If you have a similar video of queues or pictures taxis, please send them to us to feature.
CABBIES in Chester have warned drivers in Ellesmere Port what to expect if licence numbers are derestricted.
Numbers of hackney carriages in Chester have been derestricted since 2008, despite fierce protests from local drivers.
Now a questionnaire forming part of a Cheshire West and Chester Council consultation with cabbies and the public asks if Ellesmere Port should follow suit.
Chris Farrell, secretary of the Chester Licensed Hackney Association, said: “If they derestrict there they’ll have a fleet of cabs and they’ll be in the same state we’ve had to endure.”
Mr Farrell said there had been three repossessions of vehicles since derestriction and others had returned to driving private hire cars after struggling to make a living with the influx of more hackney cabs.
There are only 17 taxi rank spaces for the 51 hackney cabs currently operating in Ellesmere Port, and drivers suggest opening up licences to more would make the situation even less manageable.
Chairman of the association Richard Barker also warned customers in Ellesmere and Neston could face an increase in fares to Chester’s higher rates as the council bids to harmonise fares.
He also said many drivers only have ‘the knowledge’ of their own towns and cities, and plans to allow hackney cabs to travel across the borough are flawed.
He added: “I wouldn’t know anywhere in Ellesmere Port. We’ve got the knowledge of our city.
“If somebody said ‘take me to the Red Lion’ they might has well have asked me to take them to the moon.”
Mr Barker also suggested major money-spinning events such as Chester Races may attract hackney carriage drivers from Ellesmere Port, leaving people in the town without any cabs.
“That’s the point of zones, so that people in those zones are looked after,” he added.
“We say if it’s not broke, don’t fix it.”
The council have insisted that while they are looking to standardise the three different policies they inherited, no decisions have been taken and any decisions will be informed by the needs of the local area.
A Cheshire West and Chester Council spokeswoman said: “We are looking to hear from all drivers, who have each been written to individually, as part of the public consultation process.”
The questionnaire can be found online at tinyurl.com/85t9hnh and respondents can also send comments online to taxiconsultation@cheshire westandchester.gov.uk or by calling 0300 123 8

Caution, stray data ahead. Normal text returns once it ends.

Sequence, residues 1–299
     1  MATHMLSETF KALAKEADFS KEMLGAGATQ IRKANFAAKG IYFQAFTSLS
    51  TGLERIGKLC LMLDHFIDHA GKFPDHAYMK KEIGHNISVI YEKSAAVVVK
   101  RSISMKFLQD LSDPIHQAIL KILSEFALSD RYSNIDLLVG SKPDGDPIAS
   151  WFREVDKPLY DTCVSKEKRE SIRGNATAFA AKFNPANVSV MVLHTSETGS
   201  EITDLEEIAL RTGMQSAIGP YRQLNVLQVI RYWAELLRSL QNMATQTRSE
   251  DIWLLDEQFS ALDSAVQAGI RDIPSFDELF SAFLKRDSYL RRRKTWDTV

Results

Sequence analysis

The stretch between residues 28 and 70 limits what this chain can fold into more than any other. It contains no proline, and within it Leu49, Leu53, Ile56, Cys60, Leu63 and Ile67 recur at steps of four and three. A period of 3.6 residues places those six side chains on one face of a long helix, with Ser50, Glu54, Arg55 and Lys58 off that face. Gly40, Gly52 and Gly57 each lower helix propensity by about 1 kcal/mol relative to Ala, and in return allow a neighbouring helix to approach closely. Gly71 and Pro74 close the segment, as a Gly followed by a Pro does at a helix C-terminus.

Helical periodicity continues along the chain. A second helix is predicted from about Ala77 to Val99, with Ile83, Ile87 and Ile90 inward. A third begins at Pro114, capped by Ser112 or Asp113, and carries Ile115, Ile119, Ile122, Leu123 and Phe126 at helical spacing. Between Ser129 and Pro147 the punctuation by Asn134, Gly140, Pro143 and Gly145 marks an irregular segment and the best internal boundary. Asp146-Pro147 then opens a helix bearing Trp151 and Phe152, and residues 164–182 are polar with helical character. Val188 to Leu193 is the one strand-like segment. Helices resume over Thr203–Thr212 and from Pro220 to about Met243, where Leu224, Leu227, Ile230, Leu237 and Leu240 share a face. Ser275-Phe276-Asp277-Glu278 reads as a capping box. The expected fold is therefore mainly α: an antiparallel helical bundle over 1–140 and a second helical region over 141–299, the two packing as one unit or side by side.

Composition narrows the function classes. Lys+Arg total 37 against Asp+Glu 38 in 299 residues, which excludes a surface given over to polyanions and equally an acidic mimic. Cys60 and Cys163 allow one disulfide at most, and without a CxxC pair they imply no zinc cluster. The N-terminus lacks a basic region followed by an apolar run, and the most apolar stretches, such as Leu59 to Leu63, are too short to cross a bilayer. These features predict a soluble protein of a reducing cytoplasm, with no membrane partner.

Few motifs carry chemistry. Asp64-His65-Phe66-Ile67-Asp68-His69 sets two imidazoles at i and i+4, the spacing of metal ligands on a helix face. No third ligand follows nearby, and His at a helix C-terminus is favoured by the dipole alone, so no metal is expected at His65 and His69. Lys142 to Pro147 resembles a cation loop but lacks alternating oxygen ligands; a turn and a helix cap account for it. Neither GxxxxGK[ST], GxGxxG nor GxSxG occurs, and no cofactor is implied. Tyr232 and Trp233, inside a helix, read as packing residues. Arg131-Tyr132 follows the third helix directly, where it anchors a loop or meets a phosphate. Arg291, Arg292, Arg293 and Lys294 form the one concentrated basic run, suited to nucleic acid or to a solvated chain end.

A CABBIE says drivers will be put out of business if restrictions on Hackney cabs in Ellesmere Port and Neston are lifted.
Last week Cheshire West and Chester Council launched a questionnaire asking drivers and members of the public to respond to questions with a view to making taxi rules in the borough more uniform.
Robin Miller, a hackney cab driver from Ellesmere Port, insists getting rid of the limit on the number of hackney cabs able to ply their trade in Ellesmere Port and Neston will spread the same amount of trade over more drivers.
Mr Miller said: “What they don’t seem to take into account is hackney cab drivers are dependant on a minimum amount of taxis.
“Every time the council issues another taxi licence, it depletes a taxi driver’s income.
“They have obliterated the taxi business.
As a result of deregulation of hackney cabs in Chester, nine drivers have gone bankrupt.
“They’re putting people out of business. It’s very sad.”
Mr Miller said there are only 17 taxi rank spaces for the 51 hackney cabs currently operating, and that allowing more would be unmanageable.
He added: “It’s illegal for us to sit in a pub car park.
“We can only pick up a far when we’re moving.”
“These guys are suffering.”
Mr Miller said – but for a contract to transport a pupil to and from Dee Banks School in Chester – he would struggle to maintain his job as a driver.
A council spokesman said: “The council inherited three very different policies and we are now looking to standardise these, where possible, so that passengers, drivers and operators throughout the borough benefit from clear and consistent standards.
“We are looking to hear from all drivers, who have each been written to individually, as part of the public consultation process.
“No decision has been taken at this stage to de-limit driver numbers and any decisions taken will take into account what is best for that local area.”
WIRRAL taxi drivers have welcomed a new curb on the number of black cab licences handed out in the borough.
Councillors agreed on Monday to limit the number of licences to 289 – currently there are 286 licences “attached to a vehicle” – meaning they are in use by hackney cabs.